Proposals for a UK post-Brexit energy landscape and relationship with Europe seem somewhat thin on the ground, apparently comprising little more than a letter from company CEOs including some of the ‘Big Six’ energy suppliers simply calling for the development of a “comprehensive Climate and Energy Chapter” in the negotiations, a report from the British House of Lords mainly calling on the government on how it will address various issues, and from the industry itself a short report from the trade association Energy UK presenting priorities for a future framework agreement.
Now Eurelectric has made a second foray into the debate from the European perspective, setting out its position on a number of fronts alongside its intended main message of calling policy makers to minimise “any possible disruption on the energy and climate agenda.”
Previously the association, which represents Europe’s electricity industry, had said that the UK should remain aligned with the wider European energy market, with its continued membership of the internal market crucial to the development of the region’s renewable integration.
“Eurelectric urges policymakers to pursue the close collaboration between the EU and UK on the energy and climate agendas.” says Eurelectric Secretary General Kristian Ruby in a statement.
“Whatever form the future agreement between the EU and the UK will take, it must focus on the following areas: the Internal Electricity Market; including the trading and transmission framework created via the network codes and guidelines, the Single Electricity Market, the EU energy and climate frameworks, the Industrial Emission Directive, the EU Emissions Trading Scheme (ETS), the nuclear energy sector and the financial regulations that also frame energy commodity trading.”
The fact that the UK is inexorably tied to Europe through over 8GW of interconnections, both existing and under development, with both the opportunities but also obligations these present, should serve as an obvious starting point to any proposals.
Eurelectric apparently also take this view, stating in its first message point that in view of the mutual benefits and the importance of energy for the EU and the UK in powering their economies and societies, collaboration should continue as closely as possible by supporting continued wholesale energy market integration, cross-border interconnection and efficient energy trading arrangements between the parties post-Brexit.
Eurelectric is of the view that UK actors should continue to be full members in EU industry bodies such as the energy regulators’ ACER, the transmission operator organisations ENTSO-E and ENTSOG, the new distributor entity and the financial and nuclear authorities ESMA and ENSREG at least for the duration of the transition period and to the largest extent possible thereafter. This is to prevent any regulatory divergence or oversight that could create unnecessary barriers to cross-border trade.
Eurelectric supports the UK’s continued participation in infrastructure schemes including the Trans-European Networks for Energy, Projects of Common Interest and the Connecting Europe Facility, assuming that financial contributions continue to be made to the relevant programmes.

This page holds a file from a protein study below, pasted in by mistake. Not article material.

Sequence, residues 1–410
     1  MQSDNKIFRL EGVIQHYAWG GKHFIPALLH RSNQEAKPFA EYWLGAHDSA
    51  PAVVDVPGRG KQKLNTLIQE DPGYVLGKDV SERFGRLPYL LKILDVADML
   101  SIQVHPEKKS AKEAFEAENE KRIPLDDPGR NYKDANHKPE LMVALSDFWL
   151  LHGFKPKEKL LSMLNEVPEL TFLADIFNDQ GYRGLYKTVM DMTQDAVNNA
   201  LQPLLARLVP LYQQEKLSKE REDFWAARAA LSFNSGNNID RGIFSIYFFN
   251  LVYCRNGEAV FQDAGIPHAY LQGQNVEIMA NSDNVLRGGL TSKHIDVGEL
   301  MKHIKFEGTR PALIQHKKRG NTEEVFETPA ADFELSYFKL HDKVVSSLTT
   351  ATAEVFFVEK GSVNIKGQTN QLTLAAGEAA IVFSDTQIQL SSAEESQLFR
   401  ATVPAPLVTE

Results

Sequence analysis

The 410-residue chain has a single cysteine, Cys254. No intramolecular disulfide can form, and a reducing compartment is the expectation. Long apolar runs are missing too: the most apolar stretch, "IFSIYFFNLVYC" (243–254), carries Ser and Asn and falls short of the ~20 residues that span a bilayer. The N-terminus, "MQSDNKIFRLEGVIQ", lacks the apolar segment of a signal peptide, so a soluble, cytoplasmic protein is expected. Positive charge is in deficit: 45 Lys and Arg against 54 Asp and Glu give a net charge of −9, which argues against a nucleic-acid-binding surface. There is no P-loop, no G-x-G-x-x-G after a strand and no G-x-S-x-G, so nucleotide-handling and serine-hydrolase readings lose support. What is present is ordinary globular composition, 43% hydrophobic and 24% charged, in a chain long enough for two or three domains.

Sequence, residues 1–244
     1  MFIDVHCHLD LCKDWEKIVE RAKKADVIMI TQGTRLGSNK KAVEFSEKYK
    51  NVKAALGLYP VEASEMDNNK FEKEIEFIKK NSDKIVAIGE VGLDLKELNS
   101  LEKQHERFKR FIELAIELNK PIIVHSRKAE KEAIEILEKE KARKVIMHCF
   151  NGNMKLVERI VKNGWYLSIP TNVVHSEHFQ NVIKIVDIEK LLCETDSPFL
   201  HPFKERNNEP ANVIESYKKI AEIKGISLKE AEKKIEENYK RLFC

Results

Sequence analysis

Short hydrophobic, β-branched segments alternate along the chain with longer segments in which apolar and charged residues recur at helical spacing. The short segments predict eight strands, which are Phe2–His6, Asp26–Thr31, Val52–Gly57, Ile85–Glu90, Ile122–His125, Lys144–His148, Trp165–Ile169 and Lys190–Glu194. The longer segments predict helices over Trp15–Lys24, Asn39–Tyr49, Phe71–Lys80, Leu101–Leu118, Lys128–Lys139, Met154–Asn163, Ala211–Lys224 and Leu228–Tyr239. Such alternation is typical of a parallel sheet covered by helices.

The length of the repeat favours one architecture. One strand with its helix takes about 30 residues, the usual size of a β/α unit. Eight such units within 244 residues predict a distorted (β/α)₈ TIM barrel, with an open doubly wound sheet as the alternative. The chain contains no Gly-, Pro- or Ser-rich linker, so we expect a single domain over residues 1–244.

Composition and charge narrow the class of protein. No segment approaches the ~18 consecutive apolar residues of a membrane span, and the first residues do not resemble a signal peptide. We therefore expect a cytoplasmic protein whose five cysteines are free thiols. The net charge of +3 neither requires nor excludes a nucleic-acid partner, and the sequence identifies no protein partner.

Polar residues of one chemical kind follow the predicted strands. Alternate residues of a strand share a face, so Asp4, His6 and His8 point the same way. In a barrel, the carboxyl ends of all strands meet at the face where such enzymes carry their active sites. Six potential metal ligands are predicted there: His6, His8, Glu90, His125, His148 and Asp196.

Eurelectric says it also supports the continuation of the island of Ireland energy market and calls for all parties to find a political solution that preserves the current market integration and cooperation.
Carbon emission reduction
Given the role of the energy sector in decarbonising the economy and reducing carbon emissions, Eurelectric says it would welcome the UK continuing to collaborate towards the EU’s energy and climate goals. Eurelectric also would support the UK’s continued participation in the ETS.
Eurelectric also highlights the importance of appropriate political arrangements being put in place across various fronts. One of these is the Euratom Community in order to preserve the current benefits and avoid disruption across the nuclear fuel cycle. Another, based on the UK’s significance as a gas hub, is to maintain the gas market arrangement as close as possible to the current one.
A further one is a future framework to ensure a consistent interface between financial and physical commodity markets. A common regulatory approach in the UK and EU is recommended to avoid regulatory arbitrage and to ensure fair competition between market participants. This is particularly relevant as in wholesale energy there is already a pan-European market comprising both UK and the continent, Eurelectric points out.
Finally, an arbitration mechanism will be needed to ensure that both the EU and the UK abide by any new agreement. Eurelectric says it supports clear, business oriented arrangements. The dispute resolution mechanism needs to be timely, independent and enforceable.
An energy roadmap
While the proposals are largely focussed on Europe’s interests, they are nevertheless very much in line with those from Energy UK, which was also a signatory to the CEOs’ letter.
Given this high level of agreement between the respective sectors on the two sides of the Channel, the prospect of achieving an energy agreement is good. The UK energy sector should now take the lead and set out a detailed roadmap, which the government can adopt in its negotiations. Moreover, it would give a degree of certainty on policy in areas such as energy efficiency, which currently are based on EU directives.